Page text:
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NHS Nurse wins discrimination case after being told to remove cross necklace

Makbool Javaid, Partner - Simons Muirhead & Burton

In Mrs Onuoha v Croydon Health Services NHS Trust Mrs Onuoha is a devout Catholic. One of her religious beliefs is that it is important to manifest her faith by wearing a cross. She has, since a young age done this by wearing a necklace with a cross pendant on it. Mrs Onuoha spent around 70% of her duties in theatre. Her Cross-Necklace was visible when she was wearing scrubs. However, it was not visible when she was working as scrubbed in nurse. It was covered by the neck to wrist surgical covering.

She had been a staff member for 18 years and had worn the piece of jewellery for 40 years but from 2015, she claims a succession of managers told her to remove the item from around her neck or the matter would face ‘escalation.’ She claims patient safety was risked in an operating theatre to discipline her and her head of department even said he would have to call security if she wore it in a clinical area.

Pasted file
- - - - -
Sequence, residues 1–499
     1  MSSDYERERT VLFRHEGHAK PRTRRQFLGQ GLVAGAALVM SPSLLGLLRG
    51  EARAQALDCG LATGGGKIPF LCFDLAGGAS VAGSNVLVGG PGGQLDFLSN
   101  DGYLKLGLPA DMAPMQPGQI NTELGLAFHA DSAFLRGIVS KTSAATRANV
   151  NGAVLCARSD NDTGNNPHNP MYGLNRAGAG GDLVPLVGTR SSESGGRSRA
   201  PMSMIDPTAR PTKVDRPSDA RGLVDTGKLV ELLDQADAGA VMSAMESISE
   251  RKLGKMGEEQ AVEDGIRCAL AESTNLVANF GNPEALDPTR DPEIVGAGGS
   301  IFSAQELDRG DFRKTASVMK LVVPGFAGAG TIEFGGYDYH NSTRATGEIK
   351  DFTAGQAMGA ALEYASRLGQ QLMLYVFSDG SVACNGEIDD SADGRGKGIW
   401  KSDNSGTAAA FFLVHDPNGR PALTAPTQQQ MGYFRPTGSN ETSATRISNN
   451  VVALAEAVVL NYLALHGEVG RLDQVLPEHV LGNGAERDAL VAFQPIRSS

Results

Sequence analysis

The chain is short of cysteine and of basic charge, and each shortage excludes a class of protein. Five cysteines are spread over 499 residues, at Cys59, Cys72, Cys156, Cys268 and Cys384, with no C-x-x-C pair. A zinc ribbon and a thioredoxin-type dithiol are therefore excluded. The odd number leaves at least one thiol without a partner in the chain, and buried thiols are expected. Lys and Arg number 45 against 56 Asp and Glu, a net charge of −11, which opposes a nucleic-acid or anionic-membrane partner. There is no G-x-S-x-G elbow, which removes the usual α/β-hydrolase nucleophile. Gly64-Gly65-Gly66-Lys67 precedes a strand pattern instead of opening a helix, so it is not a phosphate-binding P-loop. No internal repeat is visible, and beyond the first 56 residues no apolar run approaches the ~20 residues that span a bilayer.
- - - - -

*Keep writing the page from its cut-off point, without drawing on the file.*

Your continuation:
Mrs Onuoha was told her small gold cross was a health and safety risk and ‘must not be visible’. However, she says other clinical staff members at Croydon University Hospital in South London were permitted to wear jewellery, saris, turbans, and hijabs and only the cross was subject to specific sanction.

For her continued refusals, the devout Christian was investigated, suspended from clinical duties and demoted to working as a receptionist, which she found deeply humiliating, she claims. She says she was forced off work with stress in June 2020 and believed she faced no alternative but to resign later that year.

The tribunal found the trust had constructively dismissed Mrs Onuoha. Employment judge Dyal and two lay members, Mrs Foster-Norman and Ms Forecast, ruled that: “Applying common sense, it is clear to us that the infection risk posed by a necklace of the sorts the claimant used to wear, when worn by a responsible clinician such as the claimant, who complied with handwashing protocol, was very low.”

They said the trust had failed to properly deal with Mrs Onuoha’s grievances when she refused to remove the cross on religious grounds.

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